In stark contrast, Rio de Janeiro ranks as the most expensive beach destination, scoring just 26 out of 100, with return flights costing £760 on average, and accommodation generally 10% more expensive than in the UK. Sydney follows closely behind (27 out of 100), while the Maldives also scores low in this category (45). UK holidaymakers may also find that seeking a beach paradise on British soil isn’t as economical as they might think, with Cornwall coming in 14th place in the overall rankings due to the unpredictable British climate and its relatively high cost.
Bruce Fair continues: “Given the clear emphasis placed by consumers on the overall affordability of holidays and the cost of buying goods once they arrive at their destination, it is no surprise that a number of the holiday hotspots historically favoured by UK holidaymakers such as Cyprus (8th), Crete (9th) and Spain’s Balearic Islands (10th) are outranked by cheaper neighbouring non-Eurozone beach destinations. However, if the pound continues its rally against the euro, we should see these destinations climb back up the rankings and Britons returning to their more traditional holiday haunts.
“UK travellers now have around 16% more spending power in the Eurozone than they did only 18 months ago, with consumers now able to get around €1.20 as opposed to €1.02 for every pound they spend. For example, a hotel in Ibiza priced at £124 a night back in December 2008, would now cost just £106 - making the holiday budget go a good deal further!”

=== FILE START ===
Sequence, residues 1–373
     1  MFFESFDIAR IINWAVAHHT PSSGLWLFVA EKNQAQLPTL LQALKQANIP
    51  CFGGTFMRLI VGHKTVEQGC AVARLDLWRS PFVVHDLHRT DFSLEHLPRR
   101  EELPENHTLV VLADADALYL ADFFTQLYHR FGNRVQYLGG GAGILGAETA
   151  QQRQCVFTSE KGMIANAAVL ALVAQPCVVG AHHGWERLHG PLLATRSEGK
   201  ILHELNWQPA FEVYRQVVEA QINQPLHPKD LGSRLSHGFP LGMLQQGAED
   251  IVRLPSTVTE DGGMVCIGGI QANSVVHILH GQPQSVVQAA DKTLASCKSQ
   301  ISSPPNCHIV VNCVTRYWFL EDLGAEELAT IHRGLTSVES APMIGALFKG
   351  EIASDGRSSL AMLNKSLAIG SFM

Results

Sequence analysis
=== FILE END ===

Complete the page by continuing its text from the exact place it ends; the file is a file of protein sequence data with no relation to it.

Sun, Sea, Security and Culture
After cost considerations, the most important holiday criteria for consumers are security (81%) and climate (78%), which rank 4th and 5th on their priority list; tourist attractions only take 7th place (65%) out of a possible 10.
The secluded Maldives is the most secure beach destination with 30 crimes committed on average per 1,000 people and the most police officers per capita (7.8 per 1,000); while Sydney fares worst with 106 crimes and just 2.1 police officers per 1,000 people. In terms of climate, Sharm el Sheikh in Egypt comes out on top, with hardly any rain, an average of 13 hours of sunshine per day and temperatures averaging 35°C. Cornwall ranks bottom of the list with average temperatures of just 19°C, seven hours of sunshine per day and 12 days of rain per month. For culture vultures, Lanarca in Cyprus comes top of the sightseeing spots with 3.8 heritage sites per 1 million people, and Dubrovnik in Croatia takes second place (1.6 sites per 1 million people). The Maldives, Goa and Bali fare worst in the cultural rankings.
UK Travel Outlook
The Kelkoo Travel Index also predicts a more positive outlook for the UK travel sector in 2010. Travel expenditure is expected to reach £41.1bn or £669 per person in 2010, a modest £1bn increase on 2009, when travel sales plummeted by -8.4% or £3.7bn since pre-recession 2008. Online travel bookings are also set to continue their recession-busting performance, having soared by 18.5% from 13bn to £15.6bn between 2008 and 2009, and to an estimated £17.6bn by the end of 2010 – a 13% rise on last year and equivalent to 42.8% of all UK travel expenditure.